Accra, , GNA -The Weija Lake would be extinct by 2021 due to pollution and encroachment on the banks if immediate pragmatic steps are not taken to reverse the situation, an environmentalist raised the alarm on Thursday.
Mr Joshua Awuku-Apaw, Executive Director of Earth Service, an NGO on Sustainable Development, said “According to experts, if things are allowed to go at this rate, within 10 years, the lake will become like the Korle, so bad that no organism can survive in it.”
Speaking to the Ghana News Agency in Accra, he said, currently only four fish species were caught in the Weija Lake, adding the fishes had shrunk in size, a clear but gloomy warning of upcoming worst things.
Mr Awuku-Apaw added that communities living along the banks of the lake had cleared large portions of the vegetation surrounding the lake for farming purposes.
“This has caused the lake to be losing much water due to the drying up of the moisture content of lands surrounding it. As a result of the surrounding land losing protective cover, anytime it rains, sheet erosion transfers huge volumes of sand into the water body causing much siltation and its attendant problems,” he said.
Mr Awuku-Apaw said some individuals living close to the dam engaged in wood harvesting for energy purposes, an activity that further destroyed the vegetative cover of the lake.
He said both liquid and solid wastes were daily dumped into the lake.
Mr Awuku-Apaw said, “Due to the poor waste management practices of Ghanaians, communities living along the banks of the lake tend to use the lake as a refuse receptacle pouring anything unwanted into the water body; household refuse, faecal matter, dead bodies, and so forth.”
“As a matter of fact, the pollution happens along the entire course of the river Densu, from Koforidua through Mangoase to Nsawam until everything finally assembles in the lake at Weija.”
Mr Awuku-Apaw observed that pollution of the lake had been compounded as a result of several industrial and commercial activities carried out at the Weija Township.
“Within the catchment can be found people engaged in various occupations. One can find sand winners, stone crackers, the fisher folk, fishmongers, drivers and their mates, mechanics and people whose activities are less noticeable,” he added.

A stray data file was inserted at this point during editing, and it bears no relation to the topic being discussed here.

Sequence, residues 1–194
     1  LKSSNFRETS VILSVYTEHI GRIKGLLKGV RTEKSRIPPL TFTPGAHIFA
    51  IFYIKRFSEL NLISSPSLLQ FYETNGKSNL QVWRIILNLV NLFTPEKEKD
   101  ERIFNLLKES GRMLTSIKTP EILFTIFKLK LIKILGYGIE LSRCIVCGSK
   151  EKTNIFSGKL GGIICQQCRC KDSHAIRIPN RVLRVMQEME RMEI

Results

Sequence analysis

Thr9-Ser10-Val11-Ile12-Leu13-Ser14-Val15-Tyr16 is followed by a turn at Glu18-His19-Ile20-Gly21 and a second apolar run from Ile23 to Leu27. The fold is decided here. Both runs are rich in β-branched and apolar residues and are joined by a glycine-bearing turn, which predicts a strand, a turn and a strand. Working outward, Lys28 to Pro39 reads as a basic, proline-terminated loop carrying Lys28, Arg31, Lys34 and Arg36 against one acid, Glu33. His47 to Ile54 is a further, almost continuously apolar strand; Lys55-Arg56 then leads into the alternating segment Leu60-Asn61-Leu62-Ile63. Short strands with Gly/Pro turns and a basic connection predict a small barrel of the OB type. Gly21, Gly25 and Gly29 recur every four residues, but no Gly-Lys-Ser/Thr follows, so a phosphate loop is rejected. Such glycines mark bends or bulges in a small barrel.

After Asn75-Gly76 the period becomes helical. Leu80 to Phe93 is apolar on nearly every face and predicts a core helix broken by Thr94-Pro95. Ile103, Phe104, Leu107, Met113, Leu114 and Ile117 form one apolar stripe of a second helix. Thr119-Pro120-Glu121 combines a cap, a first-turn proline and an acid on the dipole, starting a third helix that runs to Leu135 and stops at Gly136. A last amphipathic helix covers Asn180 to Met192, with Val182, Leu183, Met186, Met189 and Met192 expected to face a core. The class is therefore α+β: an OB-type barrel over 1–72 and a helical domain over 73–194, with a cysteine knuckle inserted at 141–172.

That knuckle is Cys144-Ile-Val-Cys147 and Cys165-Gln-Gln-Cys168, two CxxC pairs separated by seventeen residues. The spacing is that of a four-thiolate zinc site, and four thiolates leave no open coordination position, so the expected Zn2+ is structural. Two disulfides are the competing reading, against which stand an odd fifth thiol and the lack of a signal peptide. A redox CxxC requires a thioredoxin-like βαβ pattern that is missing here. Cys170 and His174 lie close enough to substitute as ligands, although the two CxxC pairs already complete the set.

Mr Awuku-Apaw said the presence of a Police Check Point and a toll booth had worsened matters as a result of the upsurge of hawkers and other vendors in the community.
He noted that the waste they generated might cost the Ghana Water Company Limited huge sums of money to apply chemicals to remove excessive pollutants with consequential effects on aquatic life.
Mr Awuku-Apaw observed that structures, ranging from storey buildings, palatial mansions, industries, kraals, hotels, ghettoes, mud houses and huts, had sprung up within the green belt.
He noted that some of the perpetrators had political leanings thus making it difficult to stop them.
Mr Awuku-Apaw suggested that strong political will, strengthening of the Judiciary and relevant institutions would help to clamp down on activities of these “ecological militias.”
He proposed the re-demarcation of Weija catchment so that structures within the prohibited zone could be demolished to save the dam from collapse.
“For a long term solution, the place must be made a military zone with a regiment of soldiers permanently garrisoned there to protect the national asset, lives and properties of individuals.”
The Weija Dam, arguably the second largest water reservoir in the country after the Volta reservoir, was constructed in 1978 by an Italian company, Messrs Tahi.
It is said to be the second urban water system to be constructed in Ghana, after Birimso in Cape Coast. The lake is formed over the Densu River in the Ga South Municipality traveling a distance of about 116 kilometres from the Atiwa mountains where it takes its source.
The river traverses through three Regions: Eastern, Central and Greater Accra where it enters the sea at Bortianor in the Ga South Municipality.
The Weija lake covers an area of about 9,000 square hectares and serves over 2.5 million people in Accra East and West.